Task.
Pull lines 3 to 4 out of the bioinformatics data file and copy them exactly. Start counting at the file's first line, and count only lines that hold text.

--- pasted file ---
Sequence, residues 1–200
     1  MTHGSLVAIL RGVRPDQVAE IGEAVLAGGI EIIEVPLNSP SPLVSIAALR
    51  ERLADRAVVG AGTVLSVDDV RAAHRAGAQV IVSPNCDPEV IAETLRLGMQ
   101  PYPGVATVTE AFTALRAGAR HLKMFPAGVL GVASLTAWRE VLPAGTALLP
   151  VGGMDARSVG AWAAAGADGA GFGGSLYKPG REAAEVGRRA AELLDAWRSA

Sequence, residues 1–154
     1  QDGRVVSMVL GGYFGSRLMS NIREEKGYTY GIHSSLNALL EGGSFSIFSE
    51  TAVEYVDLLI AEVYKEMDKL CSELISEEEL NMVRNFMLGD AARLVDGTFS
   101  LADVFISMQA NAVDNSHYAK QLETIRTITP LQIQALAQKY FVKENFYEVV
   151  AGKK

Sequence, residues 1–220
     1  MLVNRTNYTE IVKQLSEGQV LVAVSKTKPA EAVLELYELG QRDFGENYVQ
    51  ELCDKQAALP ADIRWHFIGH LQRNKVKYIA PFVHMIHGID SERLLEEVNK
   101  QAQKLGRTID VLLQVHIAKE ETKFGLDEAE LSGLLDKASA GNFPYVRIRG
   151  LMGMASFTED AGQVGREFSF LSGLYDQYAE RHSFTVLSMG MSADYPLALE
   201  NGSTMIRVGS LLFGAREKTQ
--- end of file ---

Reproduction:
    51  ERLADRAVVG AGTVLSVDDV RAAHRAGAQV IVSPNCDPEV IAETLRLGMQ
   101  PYPGVATVTE AFTALRAGAR HLKMFPAGVL GVASLTAWRE VLPAGTALLP